Get free TV with just an antenna. Pickup major networks, local stations, and a growing number of entertainment channels. Over 100 TV channels are available near large city's, over 70 channels near mid size city's, and over 30 channels near small city's (top 200 market cities). The number of Over the Air networks keeps on growing.
|How Over-the-Air TV Works|
A TV broadcast station will typically transmit a 3 to 1000 kilowatt (kW) signal over the air (OTA) from a broadcast tower antenna typically mounted 300 to 2000 feet above the ground. Broadcast towers are often concentrated within a 10 mile radius near or in a city. Coverage range varies from around 30 miles or more for low power stations, to over 80 miles for full power stations. A station will transmit on an FCC licensed RF channel in either the VHF or UHF Frequency Band. Each RF channel contains 1 to 18 TV channels (networks). Some towers have multiple antennas to broadcast multiple stations (RF channels).
| kilowatts (1000 watts)
Federal Communication Commission
|OTA DTv||- is FREE|
- an Antenna
- a Digital Television
- or tuner/viewing device
- Major Networks
- Local TV Stations
- Entertainment Channels
- Ultra High Definition (UHD /4k TV)
- High Definition (HD)
- Standard Definition (SD)
- Multi Channel Surround Sound
- Stereo / Mono
- Program Guide
- TV Channel, Callsign, Network
- Closed Caption (CC)
Most RF channels broadcast an HD signal (ATSC 1.0 standard), a growing number of stations broadcast a UHD signal (ATSC 3.0). A 4k UHD television is needed to receive a UHD signal. Most stations that broadcast a UHD signal also simulcast an HD signal for high definition televisions. The simulcast is on a different RF channel and may be from a different broadcast tower. Eventually all stations will broadcast a UHD signal.
The number of UHD stations is growing but still small. In 2021 there were 49 cities (31 states) with 1 or more UHD broadcast station. UHD broadcasters totaled 70 stations and 246 TV channels. Small compared to 500 market cities, over 7500 stations, and tens of thousands of TV channels.
|HD TV's||4k UHD TV's|
Most Digital Televisions have a Digital Tuner for receiving OTA broadcast. These television's will have a coax connector labeled "RF In" or "Antenna". High Definition televisions have an ATSC (1.0) tuner. The 4k UHD, also called NextGen, TV's also have an ATSC 3.0 tuner.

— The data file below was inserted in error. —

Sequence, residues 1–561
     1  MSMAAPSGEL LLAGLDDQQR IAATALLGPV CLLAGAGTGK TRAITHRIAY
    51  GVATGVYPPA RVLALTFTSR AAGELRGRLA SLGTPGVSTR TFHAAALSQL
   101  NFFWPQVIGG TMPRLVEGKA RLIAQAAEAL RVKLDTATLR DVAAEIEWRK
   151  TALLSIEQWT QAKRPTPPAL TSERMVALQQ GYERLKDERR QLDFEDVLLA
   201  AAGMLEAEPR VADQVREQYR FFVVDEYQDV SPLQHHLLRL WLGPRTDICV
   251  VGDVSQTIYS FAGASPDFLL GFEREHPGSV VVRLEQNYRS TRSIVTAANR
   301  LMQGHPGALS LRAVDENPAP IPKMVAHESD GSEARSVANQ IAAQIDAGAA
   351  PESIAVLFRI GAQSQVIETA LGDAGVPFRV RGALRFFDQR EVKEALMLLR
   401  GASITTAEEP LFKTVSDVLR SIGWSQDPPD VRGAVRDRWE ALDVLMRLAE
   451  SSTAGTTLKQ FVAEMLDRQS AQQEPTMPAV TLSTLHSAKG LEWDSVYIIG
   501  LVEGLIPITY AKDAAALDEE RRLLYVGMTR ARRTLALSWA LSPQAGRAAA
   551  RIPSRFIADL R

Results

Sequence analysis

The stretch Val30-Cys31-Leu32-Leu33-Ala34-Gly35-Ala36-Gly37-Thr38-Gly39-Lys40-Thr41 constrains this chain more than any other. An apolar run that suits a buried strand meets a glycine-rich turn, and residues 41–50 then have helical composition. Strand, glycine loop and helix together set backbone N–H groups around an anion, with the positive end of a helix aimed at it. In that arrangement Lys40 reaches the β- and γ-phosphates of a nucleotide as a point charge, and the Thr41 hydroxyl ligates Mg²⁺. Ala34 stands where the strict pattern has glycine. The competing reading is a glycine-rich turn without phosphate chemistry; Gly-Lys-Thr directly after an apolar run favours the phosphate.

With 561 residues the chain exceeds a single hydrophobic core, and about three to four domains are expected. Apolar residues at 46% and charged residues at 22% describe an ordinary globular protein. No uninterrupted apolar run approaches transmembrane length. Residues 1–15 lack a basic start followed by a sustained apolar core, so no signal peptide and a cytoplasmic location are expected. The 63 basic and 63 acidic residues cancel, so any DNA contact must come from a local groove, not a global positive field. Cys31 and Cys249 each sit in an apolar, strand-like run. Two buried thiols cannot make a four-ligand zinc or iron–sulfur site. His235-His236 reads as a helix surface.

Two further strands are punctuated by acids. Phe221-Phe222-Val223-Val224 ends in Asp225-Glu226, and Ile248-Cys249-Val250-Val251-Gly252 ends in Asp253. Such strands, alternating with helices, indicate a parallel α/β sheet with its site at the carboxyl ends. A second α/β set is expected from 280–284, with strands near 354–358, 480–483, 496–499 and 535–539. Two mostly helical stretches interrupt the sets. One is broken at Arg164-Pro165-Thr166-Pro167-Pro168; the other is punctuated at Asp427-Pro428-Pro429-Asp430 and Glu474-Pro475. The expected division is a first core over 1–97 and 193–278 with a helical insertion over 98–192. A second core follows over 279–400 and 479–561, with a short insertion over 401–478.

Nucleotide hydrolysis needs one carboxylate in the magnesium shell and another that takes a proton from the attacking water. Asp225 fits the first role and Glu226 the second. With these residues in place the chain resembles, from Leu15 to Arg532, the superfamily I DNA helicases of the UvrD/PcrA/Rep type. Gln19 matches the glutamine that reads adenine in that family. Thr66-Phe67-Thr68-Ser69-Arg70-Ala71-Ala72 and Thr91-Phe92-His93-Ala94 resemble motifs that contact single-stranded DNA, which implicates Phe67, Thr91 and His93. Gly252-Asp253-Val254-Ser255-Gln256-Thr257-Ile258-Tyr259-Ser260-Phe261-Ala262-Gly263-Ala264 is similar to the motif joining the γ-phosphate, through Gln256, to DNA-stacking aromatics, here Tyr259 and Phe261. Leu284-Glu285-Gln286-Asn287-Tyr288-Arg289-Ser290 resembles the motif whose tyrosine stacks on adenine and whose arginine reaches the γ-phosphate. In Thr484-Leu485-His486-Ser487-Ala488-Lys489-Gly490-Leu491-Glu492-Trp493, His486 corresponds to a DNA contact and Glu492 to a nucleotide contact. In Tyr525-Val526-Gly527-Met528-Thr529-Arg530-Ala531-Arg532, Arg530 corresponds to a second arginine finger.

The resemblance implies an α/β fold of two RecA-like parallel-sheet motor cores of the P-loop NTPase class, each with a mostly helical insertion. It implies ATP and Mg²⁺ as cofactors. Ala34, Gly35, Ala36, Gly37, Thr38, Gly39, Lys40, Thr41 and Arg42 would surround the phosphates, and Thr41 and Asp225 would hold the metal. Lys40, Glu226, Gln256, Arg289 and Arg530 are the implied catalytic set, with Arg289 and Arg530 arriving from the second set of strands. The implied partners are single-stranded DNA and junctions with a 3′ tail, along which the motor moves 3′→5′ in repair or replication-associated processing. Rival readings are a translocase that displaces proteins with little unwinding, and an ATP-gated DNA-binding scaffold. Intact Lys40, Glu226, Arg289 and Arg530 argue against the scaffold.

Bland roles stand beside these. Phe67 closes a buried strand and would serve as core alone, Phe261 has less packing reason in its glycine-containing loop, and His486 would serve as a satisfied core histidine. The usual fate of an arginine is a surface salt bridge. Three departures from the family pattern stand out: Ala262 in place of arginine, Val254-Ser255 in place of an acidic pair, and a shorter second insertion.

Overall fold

|TELEVISIONs||HD TV's||4k UHD TV's|
|TV Tuner||ATSC||ATSC / ATSC 3.0|
|Resolution||HD, SD||UHD, HD, SD|
-- Standard Definition
-- High Definition
-- Ultra High Definition (4k)
PIXELS / INCH
720 or 1080
Ultra High Definition has 2 to 3 times higher resolution and enhanced audio compared to High Definition. UHD TV's can use an optional Internet connection for streaming additional content and video in real time. This also allows broadcasters to know what you're watching and when. The ATSC 3.0 standard (4k UHD NextGen TV) was designed for large screens and full audio systems. A 4k TV with a screen size less than about 40 inches diagonal will not see much if any difference between a UHD and HD picture. Also see Digital Television's.
DIGITAL TUNERS and CONVERTERS
Set Top Digital Tuners are available to connect to your computer / network, or monitor. Analog TV's need a Digital to Analog Converter to receive OTA broadcast. See Tuners and Converters.
Digital TV receives a perfect picture or no picture. There is virtually no or very little in between for weak signals. A signal that is weak but above the TV minimum has the same picture as a strong signal. Signal power just below the television's minimum the picture starts to pixilate, and quickly gets worse as the signal decreases. Just a few decibels (dB's) below the minimum the picture disappears. See TV Minimum Signal page.
COMPARED TO CABLE
Picture resolution is as good as or better than cable or satellite TV. Cable and satellite operators often compress local channels before re-broadcasting. The compression reduces picture quality. Compressing signals opens up more bandwidth and allows providers to squeeze in more channels nobody watches.
The early Analog TV stations (1947 to 2009) used their FCC license RF Channel number as their Station TV channel. One TV channel per RF channel. Digital broadcast can contain multiple TV channels in one RF channel and use 2 numbers for TV channel (Station channel - Sub channel (network)), and another number for broadcast RF channel.
Over the Air TV has 2 types of channels, displayed channel and broadcast channel.
The TV channel Main number may or may not (probably not) be the same as the RF channel number. During the transition from analog to digital most stations changed their RF channel but kept their old analog channel number as their station TV channel.
A VHF antenna is needed to get RF channels 2 to 13. A UHF antenna is needed to get RF channels 14 and above. See TV Frequency Bands below, and TV Station Callsigns.
TV Frequency Bands
TV broadcast are in the VHF and UHF frequency bands. Virtually all home antenna's are designed to receive UHF signals. Many antennas get both UHF and VHF signals. In some cases a UHF antenna will receive a VHF signal at reduced power, but still strong enough for reception.
Your location (from towers) and antenna are the main factors that determine the broadcast tower range you can get a signal. The larger the antenna the more signal captured (gain). The higher the antenna is mounted the greater the signal density.
Your antenna should be pointed in the general direction of the broadcast towers, and have a relatively clear path to the towers. TV signals are Line-of-Sight, large obstructions (hills, buildings, trees) can reduce or block reception.
|TV BROADCAST TOWER LOCATOR|
OUTDOOR TV ANTENNA RESTRICTIONS PROHIBITED
Over-the-Air Reception Devices Rule (FCC Website)
FCC Rule 47 C.F.R. Section 1.4000
Masts higher than 12 feet above the roofline may be subject to local permitting requirements for safety purposes.